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Nucleic Acids Res. 2004 Jul 1; 32(Web Server issue): W108–W112.
PMCID: PMC441588

A web server for performing electronic PCR


‘Electronic PCR’ (e-PCR) refers to a computational procedure that is used to search DNA sequences for sequence tagged sites (STSs), each of which is defined by a pair of primer sequences and an expected PCR product size. To gain speed, our implementation extracts short ‘words’ from the 3′ end of each primer and stores them in a sorted hash table that can be accessed efficiently during the search. One recent improvement is the use of overlapping discontinuous words to allow matches to be found despite the presence of a mismatch. Moreover, it is possible to allow gaps in the alignment between the primer and the sequence. The effect of these changes is to improve sensitivity without significantly affecting specificity. The new software provides a search mode using a query STS against a sequence database to augment the previously available mode using a query sequence against an STS database. Finally, e-PCR may now be used through a web service, with search results linked to other web resources such as the UniSTS database and the MapViewer genome browser. The e-PCR web server may be found at www.ncbi.nlm.nih.gov/sutils/e-pcr.


A major milestone in the history of genome map construction was the notion of a sequence tagged site (STS), which is defined by a pair of oligonucleotide primers that can be used in a PCR to amplify a unique site within the genome (1). STS markers have formed the basis for virtually all physical and genetic maps constructed over the last decade, rapidly replacing the earlier generation of cloned DNA segment markers. PCR primer pairs can also be used to probe the transcriptome, yielding large-scale profiles of gene expression. In an era when the large-scale sequencing of genomes and transcriptomes is routinely undertaken, there is significant utility in being able to cross-reference large collections of PCR primer pairs and sequences.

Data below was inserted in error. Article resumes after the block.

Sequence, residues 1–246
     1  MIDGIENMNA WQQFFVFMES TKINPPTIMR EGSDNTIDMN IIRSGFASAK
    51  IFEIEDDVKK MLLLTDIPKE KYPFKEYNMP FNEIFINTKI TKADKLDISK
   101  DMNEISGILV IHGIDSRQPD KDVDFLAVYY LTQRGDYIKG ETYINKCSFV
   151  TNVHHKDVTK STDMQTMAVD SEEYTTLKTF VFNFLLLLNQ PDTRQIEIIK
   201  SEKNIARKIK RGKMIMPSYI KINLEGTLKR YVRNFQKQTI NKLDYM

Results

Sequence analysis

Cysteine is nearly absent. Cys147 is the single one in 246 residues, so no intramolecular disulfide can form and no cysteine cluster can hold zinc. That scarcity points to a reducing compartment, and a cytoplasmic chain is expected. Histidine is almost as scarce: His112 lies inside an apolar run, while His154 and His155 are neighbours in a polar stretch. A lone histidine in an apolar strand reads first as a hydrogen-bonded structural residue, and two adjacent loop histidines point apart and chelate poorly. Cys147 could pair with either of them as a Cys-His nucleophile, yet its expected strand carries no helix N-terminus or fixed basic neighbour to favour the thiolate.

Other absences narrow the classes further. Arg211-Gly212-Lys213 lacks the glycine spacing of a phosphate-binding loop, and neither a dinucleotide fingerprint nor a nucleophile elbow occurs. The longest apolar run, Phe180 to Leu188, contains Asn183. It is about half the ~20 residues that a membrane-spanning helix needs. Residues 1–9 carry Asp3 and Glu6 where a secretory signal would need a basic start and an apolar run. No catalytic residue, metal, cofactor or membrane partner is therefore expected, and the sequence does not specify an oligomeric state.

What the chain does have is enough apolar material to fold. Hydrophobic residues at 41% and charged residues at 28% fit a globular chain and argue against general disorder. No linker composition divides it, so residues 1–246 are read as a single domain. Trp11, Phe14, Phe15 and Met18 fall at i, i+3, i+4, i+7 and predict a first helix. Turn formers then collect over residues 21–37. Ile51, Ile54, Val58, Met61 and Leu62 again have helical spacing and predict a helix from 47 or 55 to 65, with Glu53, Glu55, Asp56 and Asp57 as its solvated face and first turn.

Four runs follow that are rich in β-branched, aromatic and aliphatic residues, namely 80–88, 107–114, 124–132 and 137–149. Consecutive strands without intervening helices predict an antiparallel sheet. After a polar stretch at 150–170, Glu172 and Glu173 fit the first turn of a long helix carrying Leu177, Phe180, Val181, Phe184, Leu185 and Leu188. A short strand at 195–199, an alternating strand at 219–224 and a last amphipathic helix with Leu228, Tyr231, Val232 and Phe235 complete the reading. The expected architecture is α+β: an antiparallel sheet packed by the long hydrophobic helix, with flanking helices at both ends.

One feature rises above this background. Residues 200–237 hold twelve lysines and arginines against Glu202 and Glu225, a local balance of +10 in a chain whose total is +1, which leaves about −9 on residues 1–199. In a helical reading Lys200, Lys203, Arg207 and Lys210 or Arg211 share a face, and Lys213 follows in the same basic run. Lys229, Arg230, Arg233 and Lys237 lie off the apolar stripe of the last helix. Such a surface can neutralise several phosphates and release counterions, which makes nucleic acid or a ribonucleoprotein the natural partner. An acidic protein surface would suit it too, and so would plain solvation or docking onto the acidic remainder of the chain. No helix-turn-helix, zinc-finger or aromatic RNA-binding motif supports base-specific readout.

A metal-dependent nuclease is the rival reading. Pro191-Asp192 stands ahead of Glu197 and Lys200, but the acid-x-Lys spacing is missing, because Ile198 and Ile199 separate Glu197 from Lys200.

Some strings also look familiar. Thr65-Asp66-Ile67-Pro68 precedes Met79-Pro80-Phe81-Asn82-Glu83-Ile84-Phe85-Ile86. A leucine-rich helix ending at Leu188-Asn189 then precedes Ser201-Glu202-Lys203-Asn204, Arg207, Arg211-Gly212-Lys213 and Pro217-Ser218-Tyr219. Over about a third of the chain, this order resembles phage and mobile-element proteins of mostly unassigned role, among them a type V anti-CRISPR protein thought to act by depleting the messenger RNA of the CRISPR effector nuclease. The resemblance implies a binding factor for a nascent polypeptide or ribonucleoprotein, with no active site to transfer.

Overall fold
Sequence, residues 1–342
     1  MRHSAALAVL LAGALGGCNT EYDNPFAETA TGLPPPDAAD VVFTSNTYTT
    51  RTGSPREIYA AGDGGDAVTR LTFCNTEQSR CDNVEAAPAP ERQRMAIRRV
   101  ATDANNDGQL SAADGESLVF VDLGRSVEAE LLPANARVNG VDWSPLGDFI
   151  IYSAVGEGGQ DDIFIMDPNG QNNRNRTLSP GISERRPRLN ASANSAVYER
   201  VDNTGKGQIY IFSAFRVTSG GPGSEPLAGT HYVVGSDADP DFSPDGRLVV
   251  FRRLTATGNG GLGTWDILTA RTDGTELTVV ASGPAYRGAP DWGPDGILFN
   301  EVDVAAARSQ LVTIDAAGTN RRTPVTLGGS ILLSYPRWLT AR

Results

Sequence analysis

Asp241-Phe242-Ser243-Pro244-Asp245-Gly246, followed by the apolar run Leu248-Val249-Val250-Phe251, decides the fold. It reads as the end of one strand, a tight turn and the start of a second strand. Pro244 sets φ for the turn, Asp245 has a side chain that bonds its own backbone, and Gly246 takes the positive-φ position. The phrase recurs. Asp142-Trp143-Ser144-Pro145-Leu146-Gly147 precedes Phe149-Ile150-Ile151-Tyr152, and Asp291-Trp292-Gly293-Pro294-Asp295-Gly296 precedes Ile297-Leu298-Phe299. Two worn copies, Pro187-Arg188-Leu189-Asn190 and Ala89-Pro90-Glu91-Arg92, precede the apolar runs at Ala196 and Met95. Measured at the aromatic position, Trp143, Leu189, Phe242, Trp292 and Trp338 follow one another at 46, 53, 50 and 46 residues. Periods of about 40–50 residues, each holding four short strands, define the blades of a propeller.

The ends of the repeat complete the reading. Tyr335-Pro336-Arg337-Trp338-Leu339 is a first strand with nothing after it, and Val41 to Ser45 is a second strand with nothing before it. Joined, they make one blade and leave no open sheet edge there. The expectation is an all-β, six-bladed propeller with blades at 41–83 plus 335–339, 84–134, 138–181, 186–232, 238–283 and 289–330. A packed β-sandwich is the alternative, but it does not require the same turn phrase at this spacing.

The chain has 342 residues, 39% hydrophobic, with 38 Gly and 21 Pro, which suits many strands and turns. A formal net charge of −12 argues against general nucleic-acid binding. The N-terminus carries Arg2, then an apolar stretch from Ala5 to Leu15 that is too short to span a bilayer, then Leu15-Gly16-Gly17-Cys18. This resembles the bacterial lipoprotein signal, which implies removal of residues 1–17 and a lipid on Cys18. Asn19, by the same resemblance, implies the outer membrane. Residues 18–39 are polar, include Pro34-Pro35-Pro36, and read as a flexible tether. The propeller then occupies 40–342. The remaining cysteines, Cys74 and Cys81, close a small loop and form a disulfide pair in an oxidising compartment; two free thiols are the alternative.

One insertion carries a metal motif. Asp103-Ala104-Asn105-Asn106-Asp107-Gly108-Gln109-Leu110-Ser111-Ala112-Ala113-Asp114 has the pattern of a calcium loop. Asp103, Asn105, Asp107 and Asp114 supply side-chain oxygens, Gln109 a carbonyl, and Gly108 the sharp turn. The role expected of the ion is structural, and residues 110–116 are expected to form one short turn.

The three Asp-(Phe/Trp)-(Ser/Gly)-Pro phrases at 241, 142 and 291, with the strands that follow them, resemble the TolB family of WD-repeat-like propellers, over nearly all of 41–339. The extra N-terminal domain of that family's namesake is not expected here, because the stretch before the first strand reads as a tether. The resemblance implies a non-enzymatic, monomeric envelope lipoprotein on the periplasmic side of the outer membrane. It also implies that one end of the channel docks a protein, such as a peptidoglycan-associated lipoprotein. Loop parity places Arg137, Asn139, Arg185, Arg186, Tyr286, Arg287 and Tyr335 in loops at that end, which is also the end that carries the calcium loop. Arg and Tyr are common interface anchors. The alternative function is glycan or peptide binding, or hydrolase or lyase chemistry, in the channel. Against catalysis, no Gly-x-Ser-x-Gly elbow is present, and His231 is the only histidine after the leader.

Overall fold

We have previously described the concept of ‘electronic PCR’ (e-PCR) as a computational procedure for finding sequence tagged sites within DNA sequences and provided an efficient implementation of this procedure (2). To gain speed we employed the commonly used strategy of hashing, in which the bases from a window of size W (a ‘word’) are used as an index into a hash table (for an overview of program parameters, see Table Table1).1). Each time a matching word is found, a portion of the sequence is checked for an alignment to the corresponding primer. Finally, a match is reported if both primers are found in the correct orientation and imply a product size that is within M bases of the expected size (Figure (Figure1).1). Increasing the value of W accelerates the search by reducing the background of word matches that must be investigated. In the original implementation of the program, only one word was hashed per primer and the requirement that its W contiguous bases match exactly led to a loss of sensitivity. Even though mismatches were allowed in the primer alignment step, their presence within the hashed word was sufficient to deny a match.